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What is really happening in Egypt?

I was looking at my Twitter news feed on Saturday night, March 9th, and found that a group concerned with Egyptian affairs re-tweeted a post by an Egyptian journalist with a national approach. Regardless of what this means today, this journalist is publically opposed to President Mohammad Morsi. The tweet has a link to a video that the journalist says shows security forces killing one of the “protestors” in the Kornish el Nile area in central Cairo. This short message, with its content and video, sums up the factors of the crisis suffered by Egypt, and the truth of what is happening in Egypt today.


Are there protestors in the streets of Egypt? Maybe, but if they are there, they are so few that they have had no impact; neither on Egyptian political life, nor on Egypt’s struggle to establish a free, democratic and just state. Moreover, they have had no impact on the equation that exists between the regime and the resistance which is considered one of the pillars of a democratic system. What the National Salvation Front, the resistance, likes to call protestors, have turned into groups of stick and white arms holders running after the traffic police. They recently made their way into the heart of the city and Square, considered the city’s vital artery, to raid one of the main hotels and when the hotel staff went after them, they vandalize the hotel’s front and lit a bottle of gas. This has been mirrored by protestors setting fire to the Egyptian Football Federation which holds the country’s most valuable historical sports memorabilia, and destroying a gym near the police station; by protesters who tried for a whole week to storm the Security Directorate building in Port Said, set fire to one of its floors, and opened fire on the soldiers and police officers surrounding it; protestors severing the railway tracks and blocking the way between Cairo and Alexandria, and the two cities of Banha and El-Mahalla; protestors who tried to attack the Ministry of Interior’s headquarters in the capital; protestors who blocked the waterway between Port Said and Port Fuad on both sides of the Suez Canal and threatened to stop navigation in the canal. As for Tahrir Square, the icon of the Egyptian revolution where “protestors” have been demonstrating for months, this has turned into a command centre for some protestors, drug dealers, and fugitives.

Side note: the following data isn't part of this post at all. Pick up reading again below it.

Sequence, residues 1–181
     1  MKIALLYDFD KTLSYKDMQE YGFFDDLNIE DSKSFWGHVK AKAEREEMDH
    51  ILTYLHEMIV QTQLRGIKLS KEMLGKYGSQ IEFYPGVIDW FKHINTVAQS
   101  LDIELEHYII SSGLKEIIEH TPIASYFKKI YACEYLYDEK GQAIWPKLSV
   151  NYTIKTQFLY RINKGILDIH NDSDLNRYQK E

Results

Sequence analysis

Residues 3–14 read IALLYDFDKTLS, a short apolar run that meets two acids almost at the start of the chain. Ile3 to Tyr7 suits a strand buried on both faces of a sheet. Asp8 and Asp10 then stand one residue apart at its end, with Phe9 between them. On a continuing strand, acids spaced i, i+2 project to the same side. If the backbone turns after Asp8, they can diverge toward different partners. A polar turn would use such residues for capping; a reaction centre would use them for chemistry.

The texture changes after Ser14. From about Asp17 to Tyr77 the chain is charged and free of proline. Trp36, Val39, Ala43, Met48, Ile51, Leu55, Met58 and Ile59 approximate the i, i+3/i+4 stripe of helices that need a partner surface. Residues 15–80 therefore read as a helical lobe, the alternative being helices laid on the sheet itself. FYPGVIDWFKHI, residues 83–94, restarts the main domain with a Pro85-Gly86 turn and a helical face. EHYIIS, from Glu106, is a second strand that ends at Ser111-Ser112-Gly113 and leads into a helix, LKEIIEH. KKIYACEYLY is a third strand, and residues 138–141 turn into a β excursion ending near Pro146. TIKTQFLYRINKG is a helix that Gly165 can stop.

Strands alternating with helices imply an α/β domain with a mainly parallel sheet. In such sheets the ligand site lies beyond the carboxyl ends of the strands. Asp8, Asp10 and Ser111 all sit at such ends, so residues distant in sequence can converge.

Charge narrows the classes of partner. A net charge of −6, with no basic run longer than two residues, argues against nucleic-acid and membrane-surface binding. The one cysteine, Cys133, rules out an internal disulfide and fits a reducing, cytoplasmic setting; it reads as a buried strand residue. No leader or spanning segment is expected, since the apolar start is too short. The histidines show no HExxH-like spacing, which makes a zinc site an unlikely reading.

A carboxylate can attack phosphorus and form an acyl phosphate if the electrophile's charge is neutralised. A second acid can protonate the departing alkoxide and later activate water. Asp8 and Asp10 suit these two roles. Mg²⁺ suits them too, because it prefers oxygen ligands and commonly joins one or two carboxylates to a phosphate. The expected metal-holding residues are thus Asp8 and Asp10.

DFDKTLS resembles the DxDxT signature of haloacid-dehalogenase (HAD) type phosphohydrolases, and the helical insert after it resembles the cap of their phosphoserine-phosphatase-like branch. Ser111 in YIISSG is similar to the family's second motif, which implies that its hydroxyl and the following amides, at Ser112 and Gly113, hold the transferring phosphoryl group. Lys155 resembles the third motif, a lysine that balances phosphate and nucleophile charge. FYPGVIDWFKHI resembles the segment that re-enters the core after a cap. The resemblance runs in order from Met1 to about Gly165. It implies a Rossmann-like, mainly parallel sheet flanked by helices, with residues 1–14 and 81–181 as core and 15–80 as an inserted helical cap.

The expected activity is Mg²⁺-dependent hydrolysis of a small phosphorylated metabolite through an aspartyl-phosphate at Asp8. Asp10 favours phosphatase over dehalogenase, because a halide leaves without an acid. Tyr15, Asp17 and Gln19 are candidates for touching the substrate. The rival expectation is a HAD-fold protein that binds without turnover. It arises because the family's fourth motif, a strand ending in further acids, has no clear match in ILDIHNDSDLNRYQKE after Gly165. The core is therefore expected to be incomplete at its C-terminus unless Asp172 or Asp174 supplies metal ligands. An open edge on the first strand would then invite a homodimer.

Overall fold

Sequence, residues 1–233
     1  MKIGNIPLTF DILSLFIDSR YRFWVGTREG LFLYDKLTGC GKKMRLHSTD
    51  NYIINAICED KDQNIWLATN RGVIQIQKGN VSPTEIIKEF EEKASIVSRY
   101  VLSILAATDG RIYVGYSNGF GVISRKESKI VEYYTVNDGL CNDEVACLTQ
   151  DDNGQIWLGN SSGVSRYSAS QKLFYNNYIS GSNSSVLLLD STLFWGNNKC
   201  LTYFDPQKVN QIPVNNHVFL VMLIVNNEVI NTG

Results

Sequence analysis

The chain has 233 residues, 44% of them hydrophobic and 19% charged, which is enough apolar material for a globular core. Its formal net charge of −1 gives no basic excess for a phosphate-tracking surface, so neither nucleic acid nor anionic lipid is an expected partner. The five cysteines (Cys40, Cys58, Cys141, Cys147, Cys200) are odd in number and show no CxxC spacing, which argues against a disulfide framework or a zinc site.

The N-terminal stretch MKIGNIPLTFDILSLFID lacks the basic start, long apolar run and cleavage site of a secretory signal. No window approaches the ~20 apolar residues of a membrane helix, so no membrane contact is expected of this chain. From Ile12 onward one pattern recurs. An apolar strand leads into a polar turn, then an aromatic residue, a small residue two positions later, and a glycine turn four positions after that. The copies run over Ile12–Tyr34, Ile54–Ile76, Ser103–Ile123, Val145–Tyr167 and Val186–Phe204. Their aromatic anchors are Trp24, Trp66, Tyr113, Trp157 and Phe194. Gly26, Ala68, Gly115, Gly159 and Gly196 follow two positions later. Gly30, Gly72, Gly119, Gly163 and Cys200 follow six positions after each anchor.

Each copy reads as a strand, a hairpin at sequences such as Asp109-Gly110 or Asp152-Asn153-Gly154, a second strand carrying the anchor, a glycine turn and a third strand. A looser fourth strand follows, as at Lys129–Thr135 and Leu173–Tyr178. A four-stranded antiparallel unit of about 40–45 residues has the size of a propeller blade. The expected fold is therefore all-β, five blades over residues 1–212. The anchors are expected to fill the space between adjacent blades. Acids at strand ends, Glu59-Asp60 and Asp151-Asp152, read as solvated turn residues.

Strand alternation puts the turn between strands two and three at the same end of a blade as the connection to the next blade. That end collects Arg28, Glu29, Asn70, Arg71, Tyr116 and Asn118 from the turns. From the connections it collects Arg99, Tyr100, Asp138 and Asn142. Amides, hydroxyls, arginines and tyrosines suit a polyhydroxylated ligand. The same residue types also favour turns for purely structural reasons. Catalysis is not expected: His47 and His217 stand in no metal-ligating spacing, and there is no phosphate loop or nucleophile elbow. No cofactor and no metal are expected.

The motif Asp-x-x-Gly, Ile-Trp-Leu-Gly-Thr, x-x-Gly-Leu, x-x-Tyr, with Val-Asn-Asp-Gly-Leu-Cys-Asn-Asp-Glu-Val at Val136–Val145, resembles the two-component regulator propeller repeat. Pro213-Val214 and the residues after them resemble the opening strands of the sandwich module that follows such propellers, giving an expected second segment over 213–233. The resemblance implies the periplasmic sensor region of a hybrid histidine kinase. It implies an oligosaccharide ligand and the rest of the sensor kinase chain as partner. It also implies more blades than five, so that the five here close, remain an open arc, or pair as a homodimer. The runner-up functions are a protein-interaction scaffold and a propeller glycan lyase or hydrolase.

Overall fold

Egypt witnessed a great revolution in January/February 2011. For 18 days, Egyptians made a historic and unprecedented political expression, elevating the will of the people over the will of a state of violence and corruption, and were able to overthrow a regime that shot down the country’s strategic capabilities and resources, and hindered their ability for advancement and creativity. For 18 days, the Egyptians did not knock down even one lamppost on any of their streets upon which millions of Egyptians stood, nor did they try to raid any public establishments. Their target was the regime, not the facilities of their country. Even after the fall of the regime, and despite the fact that Egypt has seen a number of violent outbursts between protesters and security forces over the policies of the Supreme Council of the Armed Forces who ruled the country during the year and a half before the presidential election, the violence was limited and confined to moments of contact between the parties. What Egypt has witnessed since the end of November of last year, is an entirely different development; a development closer to the weakening of the revolutionary wave, or its deterioration into reckless violence, vandalism and the blocking of routes.